Have them practice, practice, practice. The more practice they do the more confident they will become in their dance routine. It will also give them an activity to do that will actually help them at the time of the recital.


Quick Tips for a Smoother Dance Recital

Monday, November 30th, 2009

A dance recital is an exciting time for a young dancer. It’s a time for her to shine and showcase her talent, with dance routines she’s been learning and practicing for months. You may not have control over her actual performance, but there are some things you can do to help the recital go smoothly.

Plan ahead. Start planning for the recital a week or two before the actual performance. Make a list of everything you may need, such as special dance shoes, tights, costumes and accessories.

Make sure your child is rested. Recitals are tiring enough without the lack of sleep. Having your daughter sleep a little more the week of the recital will go a long way in helping her on the big day.

Keep up the energy Level. Recitals have a tendency of dragging at certain points, so make sure your child has MainStreet_Dance_Recitalplenty water or Gatorade to drink. Have their favorite snacks on hand. Make sure to bring snacks for yourself too.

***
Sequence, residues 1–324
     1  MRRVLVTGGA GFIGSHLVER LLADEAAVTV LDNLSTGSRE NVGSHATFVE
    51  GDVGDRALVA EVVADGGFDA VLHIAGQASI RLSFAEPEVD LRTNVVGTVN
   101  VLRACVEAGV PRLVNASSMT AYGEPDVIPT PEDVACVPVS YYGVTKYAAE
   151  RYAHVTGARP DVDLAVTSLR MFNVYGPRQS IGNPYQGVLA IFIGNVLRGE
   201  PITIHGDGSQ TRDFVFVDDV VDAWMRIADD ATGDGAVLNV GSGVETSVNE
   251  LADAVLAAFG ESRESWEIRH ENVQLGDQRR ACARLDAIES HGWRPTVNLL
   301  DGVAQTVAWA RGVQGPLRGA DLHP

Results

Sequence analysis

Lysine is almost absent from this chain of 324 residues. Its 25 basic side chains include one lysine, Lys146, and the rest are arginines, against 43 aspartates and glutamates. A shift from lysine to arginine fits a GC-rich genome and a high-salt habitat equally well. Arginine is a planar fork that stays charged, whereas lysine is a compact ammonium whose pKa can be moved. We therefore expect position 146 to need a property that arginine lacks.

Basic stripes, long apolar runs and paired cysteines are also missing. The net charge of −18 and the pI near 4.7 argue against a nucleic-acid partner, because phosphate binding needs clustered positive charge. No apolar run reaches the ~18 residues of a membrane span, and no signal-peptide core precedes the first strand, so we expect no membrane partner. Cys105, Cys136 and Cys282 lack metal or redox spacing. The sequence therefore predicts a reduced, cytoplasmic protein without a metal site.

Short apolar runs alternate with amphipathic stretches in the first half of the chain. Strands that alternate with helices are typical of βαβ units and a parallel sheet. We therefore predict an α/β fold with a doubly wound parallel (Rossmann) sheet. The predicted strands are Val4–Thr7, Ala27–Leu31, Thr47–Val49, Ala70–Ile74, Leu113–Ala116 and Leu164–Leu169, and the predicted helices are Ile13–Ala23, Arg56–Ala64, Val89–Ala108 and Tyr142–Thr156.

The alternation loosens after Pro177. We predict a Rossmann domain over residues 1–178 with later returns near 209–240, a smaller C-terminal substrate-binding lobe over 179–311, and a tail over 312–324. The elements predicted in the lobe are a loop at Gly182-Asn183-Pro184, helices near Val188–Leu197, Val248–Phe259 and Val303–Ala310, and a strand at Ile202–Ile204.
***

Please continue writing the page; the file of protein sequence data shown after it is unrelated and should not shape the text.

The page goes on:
Arrive to the recital on time
. Make arrangements so you can get to the performance early. You will need time to set up in the dressing room. Your child will thank you later for the extra time to calm her nerves.

Label all of your items
. Make certain that all your costumes and items are properly labeled so you can keep track of them. A lot of the other dance students could be in the same size costumes or shoes as your daughter, so labeling them will help make certain your items won’t get lost or taken on accident.

Bring something to entertain during the long stretches
. Recitals can be very exhausting for younger dancers. Packing a few quiet games (children’s game ideas) to help pass the time, such as a deck of cards, can help during the more boring parts of the recital.

. Keep in mind that recitals normally only happen once during the year. It’s not always easy watching your child perform, but try to relax and enjoy watching your young dancer up on the stage.